The NAD Steps Out and Issues a Rare Decision on Prescription Drug Product Promotion

Footnotes for this article are available at the end of this page.

Channeling Joe Jackson’s 1982 catchy hit, “Steppin’ Out,” the National Advertising Division (“NAD”) of the BBB National Programs recently released a decision regarding a prescription drug advertisement, resulting in the company pulling a claim from its direct-to-consumer (“DTC”) ad.1 The NAD commonly publishes decisions regarding challenges to various other FDA-regulated product claims from cosmetic and over-the-counter drug companies, but it is not typical for the NAD to issue a decision concerning a prescription drug product promotion.


  • One prescription drug company complained to the NAD regarding a competitor’s DTC ad for a breast cancer product.
  • The competitor’s DTC ad claimed that its product was the “only drug in class with consistently proven survival benefit in HR+/HER2- metastatic breast cancer . . . across three phase III trials,” which the NAD deemed competitive. The NAD reasoned that this statement would lead consumers to believe that patients would live longer with this product, determining that this population “lack[s] the medical knowledge or experience to understand nuances in clinical trial design or outcomes.” In addition, the NAD said that the clinical trials referenced were not similar enough for comparison purposes.
  • In contrast, the NAD found acceptable a similar statement presented in an ad for the product facing healthcare professionals (“HCPs”), which claimed that the product was “the only CDK4/6 inhibitor with statistically significant overall survival proven across three phase III trials.” The NAD found this claim to be reasonable in context because HCPs are considered to be a more sophisticated audience than consumers, and better able to understand clinical trial data conclusions.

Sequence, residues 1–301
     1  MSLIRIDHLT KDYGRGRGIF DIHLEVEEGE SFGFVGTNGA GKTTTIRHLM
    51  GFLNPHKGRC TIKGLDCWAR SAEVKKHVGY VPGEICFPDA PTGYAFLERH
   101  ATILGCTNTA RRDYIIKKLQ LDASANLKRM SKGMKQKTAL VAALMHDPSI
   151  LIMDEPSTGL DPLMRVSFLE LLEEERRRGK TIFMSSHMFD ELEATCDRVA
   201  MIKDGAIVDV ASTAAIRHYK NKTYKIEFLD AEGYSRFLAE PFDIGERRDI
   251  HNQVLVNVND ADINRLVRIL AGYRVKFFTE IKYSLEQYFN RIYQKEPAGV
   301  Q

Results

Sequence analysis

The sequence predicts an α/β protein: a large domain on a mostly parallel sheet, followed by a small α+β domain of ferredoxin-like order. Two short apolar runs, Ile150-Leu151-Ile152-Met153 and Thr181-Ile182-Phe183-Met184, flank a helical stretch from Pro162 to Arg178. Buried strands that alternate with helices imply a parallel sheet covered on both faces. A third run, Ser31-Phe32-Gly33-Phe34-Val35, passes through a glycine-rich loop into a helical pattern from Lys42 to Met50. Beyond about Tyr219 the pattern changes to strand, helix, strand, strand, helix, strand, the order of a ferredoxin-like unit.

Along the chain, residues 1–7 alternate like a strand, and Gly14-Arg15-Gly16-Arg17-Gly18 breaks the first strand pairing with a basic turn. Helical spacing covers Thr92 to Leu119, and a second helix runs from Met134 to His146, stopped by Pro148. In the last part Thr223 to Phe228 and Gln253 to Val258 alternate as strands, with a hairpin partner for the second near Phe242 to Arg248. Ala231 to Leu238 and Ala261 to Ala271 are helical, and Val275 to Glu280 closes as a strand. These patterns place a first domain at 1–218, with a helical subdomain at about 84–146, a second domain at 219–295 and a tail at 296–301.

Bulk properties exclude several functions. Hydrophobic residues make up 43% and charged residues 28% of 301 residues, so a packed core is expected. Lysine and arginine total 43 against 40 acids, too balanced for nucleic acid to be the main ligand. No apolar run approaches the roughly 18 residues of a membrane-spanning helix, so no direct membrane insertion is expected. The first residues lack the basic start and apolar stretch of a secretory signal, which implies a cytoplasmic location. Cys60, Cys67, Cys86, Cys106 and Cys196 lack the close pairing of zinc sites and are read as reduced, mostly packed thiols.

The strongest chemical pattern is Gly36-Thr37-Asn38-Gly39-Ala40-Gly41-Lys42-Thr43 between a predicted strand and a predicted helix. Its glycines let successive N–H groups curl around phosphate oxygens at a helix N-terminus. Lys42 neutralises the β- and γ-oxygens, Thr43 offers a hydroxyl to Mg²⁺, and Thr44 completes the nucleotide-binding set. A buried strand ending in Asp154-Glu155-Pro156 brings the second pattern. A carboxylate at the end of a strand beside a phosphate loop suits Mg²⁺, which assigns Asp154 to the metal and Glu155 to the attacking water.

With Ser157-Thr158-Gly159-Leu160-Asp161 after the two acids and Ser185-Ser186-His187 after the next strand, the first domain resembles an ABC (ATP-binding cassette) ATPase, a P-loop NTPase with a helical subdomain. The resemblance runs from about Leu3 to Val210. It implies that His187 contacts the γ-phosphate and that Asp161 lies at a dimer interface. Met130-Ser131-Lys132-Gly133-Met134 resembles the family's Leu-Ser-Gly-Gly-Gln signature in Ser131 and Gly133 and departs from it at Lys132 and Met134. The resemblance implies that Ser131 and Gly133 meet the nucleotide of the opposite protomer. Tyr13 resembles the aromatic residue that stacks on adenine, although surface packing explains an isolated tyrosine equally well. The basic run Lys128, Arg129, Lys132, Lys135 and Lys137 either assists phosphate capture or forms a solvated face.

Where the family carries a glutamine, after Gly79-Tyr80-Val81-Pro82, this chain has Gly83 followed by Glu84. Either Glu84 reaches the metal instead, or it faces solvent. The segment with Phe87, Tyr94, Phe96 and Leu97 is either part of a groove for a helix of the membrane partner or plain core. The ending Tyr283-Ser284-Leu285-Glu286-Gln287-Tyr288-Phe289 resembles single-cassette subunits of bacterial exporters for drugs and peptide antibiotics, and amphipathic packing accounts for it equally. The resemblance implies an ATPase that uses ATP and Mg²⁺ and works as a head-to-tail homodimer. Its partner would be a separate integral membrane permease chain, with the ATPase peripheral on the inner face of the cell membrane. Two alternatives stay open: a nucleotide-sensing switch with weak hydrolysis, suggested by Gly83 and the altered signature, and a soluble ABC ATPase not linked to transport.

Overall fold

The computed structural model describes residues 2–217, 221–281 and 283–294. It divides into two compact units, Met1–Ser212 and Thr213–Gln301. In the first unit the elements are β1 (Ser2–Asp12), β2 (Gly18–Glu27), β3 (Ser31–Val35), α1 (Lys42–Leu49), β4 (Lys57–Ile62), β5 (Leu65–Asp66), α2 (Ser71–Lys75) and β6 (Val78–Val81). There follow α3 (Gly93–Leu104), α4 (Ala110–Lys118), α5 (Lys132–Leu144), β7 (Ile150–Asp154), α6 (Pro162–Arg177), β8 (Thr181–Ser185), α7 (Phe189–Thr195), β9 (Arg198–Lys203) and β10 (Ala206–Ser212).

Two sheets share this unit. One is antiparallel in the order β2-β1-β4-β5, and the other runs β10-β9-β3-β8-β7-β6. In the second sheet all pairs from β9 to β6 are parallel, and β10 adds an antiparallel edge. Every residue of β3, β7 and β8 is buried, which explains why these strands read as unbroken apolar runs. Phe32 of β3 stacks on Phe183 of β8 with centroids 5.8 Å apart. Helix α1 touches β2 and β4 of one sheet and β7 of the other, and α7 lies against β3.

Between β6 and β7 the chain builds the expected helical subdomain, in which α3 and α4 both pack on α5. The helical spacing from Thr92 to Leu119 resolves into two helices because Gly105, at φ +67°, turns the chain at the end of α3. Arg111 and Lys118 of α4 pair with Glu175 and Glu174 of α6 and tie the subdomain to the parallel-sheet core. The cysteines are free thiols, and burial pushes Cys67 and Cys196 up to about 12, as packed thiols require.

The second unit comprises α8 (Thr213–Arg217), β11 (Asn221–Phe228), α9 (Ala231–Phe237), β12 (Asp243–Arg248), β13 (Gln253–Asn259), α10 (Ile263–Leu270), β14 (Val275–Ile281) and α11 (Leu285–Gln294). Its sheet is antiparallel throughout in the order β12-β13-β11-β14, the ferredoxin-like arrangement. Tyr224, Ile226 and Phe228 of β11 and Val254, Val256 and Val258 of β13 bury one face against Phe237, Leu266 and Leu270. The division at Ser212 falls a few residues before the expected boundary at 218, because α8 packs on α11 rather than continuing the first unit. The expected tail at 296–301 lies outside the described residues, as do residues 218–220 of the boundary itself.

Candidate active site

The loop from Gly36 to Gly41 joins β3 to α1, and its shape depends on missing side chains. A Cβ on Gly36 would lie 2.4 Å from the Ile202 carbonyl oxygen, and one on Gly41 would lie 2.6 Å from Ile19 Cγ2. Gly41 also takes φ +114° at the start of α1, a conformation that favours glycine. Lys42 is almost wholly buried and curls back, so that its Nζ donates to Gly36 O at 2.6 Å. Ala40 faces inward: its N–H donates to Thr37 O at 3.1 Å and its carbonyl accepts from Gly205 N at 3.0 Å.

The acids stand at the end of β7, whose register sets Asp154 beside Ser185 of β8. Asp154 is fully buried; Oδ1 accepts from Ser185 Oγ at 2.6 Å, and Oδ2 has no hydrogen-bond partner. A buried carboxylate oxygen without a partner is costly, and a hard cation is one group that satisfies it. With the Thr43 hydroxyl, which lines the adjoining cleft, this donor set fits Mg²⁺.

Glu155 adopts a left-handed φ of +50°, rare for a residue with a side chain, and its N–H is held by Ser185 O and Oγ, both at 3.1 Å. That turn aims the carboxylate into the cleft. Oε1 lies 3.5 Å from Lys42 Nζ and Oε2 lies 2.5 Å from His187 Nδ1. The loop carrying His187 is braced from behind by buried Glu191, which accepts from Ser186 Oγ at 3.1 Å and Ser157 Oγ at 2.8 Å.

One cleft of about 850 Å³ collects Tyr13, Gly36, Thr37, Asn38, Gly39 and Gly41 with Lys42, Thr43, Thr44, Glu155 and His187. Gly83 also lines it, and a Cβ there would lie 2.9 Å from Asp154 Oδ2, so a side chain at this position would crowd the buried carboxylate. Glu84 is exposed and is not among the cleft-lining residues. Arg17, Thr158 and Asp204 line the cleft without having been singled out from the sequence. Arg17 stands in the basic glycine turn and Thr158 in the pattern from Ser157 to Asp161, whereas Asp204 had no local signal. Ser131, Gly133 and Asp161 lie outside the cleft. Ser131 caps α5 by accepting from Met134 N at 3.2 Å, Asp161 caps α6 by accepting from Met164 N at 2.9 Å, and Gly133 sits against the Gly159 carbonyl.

• Although the NAD decision is not legally binding, the losing party complied by removing the DTC claim from its advertisements.

AGG Observations

  • Time will tell whether the use of the NAD by a prescription drug company is an anomaly or the beginning of a trend.
  • NAD challenges offer an alternative (often faster and less expensive) pathway for companies, consumers, or non-governmental organizations to challenge advertisers who otherwise may send in complaints to a government agency or consider litigation.
  • While the NAD is not a government agency, and it does not issue civil monetary penalties for its decisions or utilize enforcement tools, such as seeking court action, it may refer a matter to the appropriate government agency for further review if a company chooses not to comply with its decision.
  • Whether the advertisement is going to be scrutinized by FDA, the NAD, or a competitor, an important takeaway from this recent decision is that context matters (e.g., DTC vs. HCP). A company must consider the intended audience for its promotional messaging.
  • It looks like companies, and the NAD, are “Steppin’ Out” and considering new ways of reviewing (and challenging) prescription drug promotion.


[1] The NAD’s decision summary can be found here: The BBB National Programs are a non-profit organization, not operating under any government agency. The NAD operates as an independent party for industry self-regulation, seeking to build consumer trust in advertising and support fair competition in the marketplace. The NAD assesses the truth and accuracy of claims made in national advertising brought to its attention either via competitor challenges or through its own monitoring efforts. The NAD has evaluated claims of many FDA-regulated products.